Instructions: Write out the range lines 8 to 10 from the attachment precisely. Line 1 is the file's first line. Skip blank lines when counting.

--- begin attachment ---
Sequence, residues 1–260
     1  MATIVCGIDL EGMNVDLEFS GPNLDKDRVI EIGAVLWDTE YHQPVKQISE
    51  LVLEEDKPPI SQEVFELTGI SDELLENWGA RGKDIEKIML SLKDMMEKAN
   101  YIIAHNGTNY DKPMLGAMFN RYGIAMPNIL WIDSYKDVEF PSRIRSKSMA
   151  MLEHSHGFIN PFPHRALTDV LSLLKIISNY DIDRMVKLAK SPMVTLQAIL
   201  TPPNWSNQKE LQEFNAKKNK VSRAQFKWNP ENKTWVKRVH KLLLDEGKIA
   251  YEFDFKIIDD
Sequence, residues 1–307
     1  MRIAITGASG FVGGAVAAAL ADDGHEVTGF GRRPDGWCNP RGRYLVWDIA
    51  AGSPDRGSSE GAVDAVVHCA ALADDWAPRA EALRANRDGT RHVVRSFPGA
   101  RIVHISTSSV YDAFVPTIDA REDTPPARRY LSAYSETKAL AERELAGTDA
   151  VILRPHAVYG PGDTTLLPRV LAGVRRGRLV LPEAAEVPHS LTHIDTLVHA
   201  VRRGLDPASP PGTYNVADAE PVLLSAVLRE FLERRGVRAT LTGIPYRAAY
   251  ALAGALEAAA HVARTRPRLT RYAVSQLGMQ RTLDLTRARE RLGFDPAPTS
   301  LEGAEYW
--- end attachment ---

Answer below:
Sequence, residues 1–307
     1  MRIAITGASG FVGGAVAAAL ADDGHEVTGF GRRPDGWCNP RGRYLVWDIA
    51  AGSPDRGSSE GAVDAVVHCA ALADDWAPRA EALRANRDGT RHVVRSFPGA